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July 29th, 2010 10:41

… a day for geeky stuff:

29/7=4.14 (approximately). Question 4.14 on the comp.lang.c FAQ is "How are integers converted to and from pointers?". So I declare this day as integer-conversion day.

Other things:

- 1947: ENIAC (the first general purpos electronic digitall computer) was turned on after having been moved to a new location in Aberdeen@Maryland. With 100KHz Clock frequency (divider=20) and afaik <1K RAM, don't know about the GPU, you probably would need to upgrade a bit before running Dragon Age. Another issue for gamers is that it took a couple of days to terminate the running program and load a new one. Obviously it had no boss-key.

- 1958: NASA is established.

- 1987: Thatcher and Mitterand signed the agreement to build a tunnel under the English channel. Yay! Trains!! Eurostar!!!

One final (non geeky) thing:
- 1901: The Socialist Party of America was founded. And after that America was never the same again.

I'm sorry that I didn't find any Aussie stuff worth mentioning.

GothicGothicness July 29th, 2010 11:05

Quote:

- 1958: NASA is established.
A funny thing is 1960 which is just two years after that a man went to one of the renown betting firms in London and bet a sizable sum on that a man would be on the moon before the end of the decade…… to much delight of the betting firm, they considered him a complete lunatic and gave the odds of a 1000 times the money.

I guess they should have consider him a genius instead?

:D

July 30th, 2010 17:36

… the day in 2003 when the last old style VW Beetle was produced, at the factory in Mexico.

Say no more!

August 1st, 2010 13:05

… a day when several important things happened

1774: Joseph Priestly invented oxygen.

1907: Lord Baden-Powell invented the first scout camp. Naturally, we will celebrate the event by a song: Be Prepared (Tom Lehrer)

1981: MTV invented the music video tv show. The first entry was Video killed the radio star. What's really strange is that the two guys responsible (Trevor Horn, Geoff Downes) some time after joined the prog. rock group "Yes", resulting in the album "Drama".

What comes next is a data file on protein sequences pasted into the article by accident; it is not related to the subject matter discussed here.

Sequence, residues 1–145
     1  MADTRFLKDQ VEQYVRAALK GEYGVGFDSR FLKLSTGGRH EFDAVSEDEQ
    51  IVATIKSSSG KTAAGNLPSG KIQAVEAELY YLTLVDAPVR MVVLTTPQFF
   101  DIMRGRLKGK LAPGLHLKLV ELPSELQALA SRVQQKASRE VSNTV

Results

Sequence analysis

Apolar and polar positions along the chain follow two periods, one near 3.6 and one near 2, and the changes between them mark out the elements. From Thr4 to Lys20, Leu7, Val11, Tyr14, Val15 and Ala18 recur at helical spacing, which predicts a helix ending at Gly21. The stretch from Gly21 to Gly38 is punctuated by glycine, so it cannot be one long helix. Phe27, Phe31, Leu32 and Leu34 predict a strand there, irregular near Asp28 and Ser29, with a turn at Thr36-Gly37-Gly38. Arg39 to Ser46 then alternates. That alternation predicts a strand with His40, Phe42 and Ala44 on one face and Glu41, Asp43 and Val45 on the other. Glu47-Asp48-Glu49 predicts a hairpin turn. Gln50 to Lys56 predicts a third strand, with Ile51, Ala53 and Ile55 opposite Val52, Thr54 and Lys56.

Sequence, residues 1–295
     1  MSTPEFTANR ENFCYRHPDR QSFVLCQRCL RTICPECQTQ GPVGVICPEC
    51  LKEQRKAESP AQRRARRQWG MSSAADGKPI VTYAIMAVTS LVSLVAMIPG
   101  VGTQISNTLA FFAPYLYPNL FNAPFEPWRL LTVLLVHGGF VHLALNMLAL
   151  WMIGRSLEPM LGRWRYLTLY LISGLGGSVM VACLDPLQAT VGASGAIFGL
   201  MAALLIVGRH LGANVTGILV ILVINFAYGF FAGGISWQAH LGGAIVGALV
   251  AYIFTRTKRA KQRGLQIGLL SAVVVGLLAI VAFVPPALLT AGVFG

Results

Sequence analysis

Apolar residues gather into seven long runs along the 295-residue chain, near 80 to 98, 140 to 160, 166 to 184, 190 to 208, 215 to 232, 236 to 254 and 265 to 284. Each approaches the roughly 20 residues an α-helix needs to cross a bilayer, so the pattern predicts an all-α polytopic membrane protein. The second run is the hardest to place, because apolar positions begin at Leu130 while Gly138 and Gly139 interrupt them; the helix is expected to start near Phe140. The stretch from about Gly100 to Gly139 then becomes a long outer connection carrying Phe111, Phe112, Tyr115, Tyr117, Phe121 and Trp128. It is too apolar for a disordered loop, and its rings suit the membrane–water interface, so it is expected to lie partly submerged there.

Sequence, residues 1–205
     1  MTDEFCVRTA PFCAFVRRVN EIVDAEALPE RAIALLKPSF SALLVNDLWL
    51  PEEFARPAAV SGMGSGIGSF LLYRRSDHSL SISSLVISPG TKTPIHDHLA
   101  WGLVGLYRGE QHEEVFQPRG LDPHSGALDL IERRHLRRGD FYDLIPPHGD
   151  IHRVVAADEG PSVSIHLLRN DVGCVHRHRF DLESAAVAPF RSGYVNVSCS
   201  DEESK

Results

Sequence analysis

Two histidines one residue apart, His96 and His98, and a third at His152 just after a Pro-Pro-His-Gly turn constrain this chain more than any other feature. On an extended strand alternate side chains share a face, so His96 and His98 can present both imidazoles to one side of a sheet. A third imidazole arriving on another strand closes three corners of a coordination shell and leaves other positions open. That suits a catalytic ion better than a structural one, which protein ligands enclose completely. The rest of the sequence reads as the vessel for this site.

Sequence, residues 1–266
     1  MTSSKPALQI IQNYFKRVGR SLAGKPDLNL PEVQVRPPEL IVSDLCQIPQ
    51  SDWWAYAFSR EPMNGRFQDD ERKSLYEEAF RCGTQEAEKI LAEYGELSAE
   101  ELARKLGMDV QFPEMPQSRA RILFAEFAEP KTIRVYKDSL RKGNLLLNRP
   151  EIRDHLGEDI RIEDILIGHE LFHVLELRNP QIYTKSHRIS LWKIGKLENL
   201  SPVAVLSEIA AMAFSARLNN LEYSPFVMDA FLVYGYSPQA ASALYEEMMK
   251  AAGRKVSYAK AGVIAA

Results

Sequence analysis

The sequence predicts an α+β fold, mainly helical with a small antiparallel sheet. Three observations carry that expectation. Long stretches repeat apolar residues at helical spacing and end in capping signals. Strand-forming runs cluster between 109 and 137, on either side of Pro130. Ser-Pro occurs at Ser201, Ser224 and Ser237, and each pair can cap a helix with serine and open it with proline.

30BC:Roman emperor Octavian (better known as Augustus?) invented roman rule over Egypt. AFAIK lady C wasn't too happy about that.

1498: Christopher Columbus invented Venezuela

Pladio August 1st, 2010 14:34

Quote:

Originally Posted by pibbur (Post 1061019501)
1774: Joseph Priestly invented oxygen.

Invented oxygen ? :D

August 1st, 2010 15:31

Quote:

Originally Posted by Pladio (Post 1061019504)
Invented oxygen ? :D

Sure, we didn't know about it before, thus it didn't exist. Same with Newton and gravity.

Pladio August 1st, 2010 15:46

I'm guessing people used to float and didn't have lungs either. :P

August 1st, 2010 16:32

Quote:

Originally Posted by Pladio (Post 1061019510)
I'm guessing people used to float and didn't have lungs either. :P

Silly Pladio. People need oxygen, so without it they were all dead. Whether they were floating or not is irrelevant. :-)

Corwin August 2nd, 2010 00:01

Anyone who links to the incredible Tom Lehrer must have some redeeming qualities!! :D

August 2nd, 2010 08:38

Yes. He was a fairly good piano player.

GothicGothicness August 2nd, 2010 08:42

Quote:

Tom Lehrer
a good comedian too…

Corwin August 2nd, 2010 08:42

Yeah, and Fred Astair was a decent hoofer!! :)

August 2nd, 2010 09:08

… yet another day.

216 BC: Carthaginian forces lead by Hannibal defeated a few Romans soldiers in southern Italy. Don't know for sure, but I seem to remember that he afterwards ate their liveres with some fava beans and a good Chianti.

1932: The positron is inv… eh discovered, leading to breakthroughs in PET scanning (which has nothing to do with cats and dogs) and robotics.

It turns out that the macedonians have been particularly active on this day.
338 BC: M. defeated a few greeks, ensuring M. supremacy in said country.
1903: Unsuccessful uprising against the Ottoman Empire
1944: Birth of the Socialist Republic of M.

BTW:
1. Regarding Tom Lehrer and his piano playing. Strictly for those who didn't know, he used to cite reviews on the cover of his records. One of them, from the Oakland Tribune read: "Plays the piano acceptably".

2. He has been to Australia, if we are to believe his discography, which includes "Tom Lehrer discovers Australia" (only released in Australia)

August 7th, 2010 19:34

… 7th of August and only 2 days until I go back to work after 4 weeks of summer vacation.

1606: The first performance of "Macbeth" by whoever-impersonated-william-shakespeare. If there are any actors reading this, and you've seen Black Adder season 3, you know that you're now supposed to start a silly looking ritual.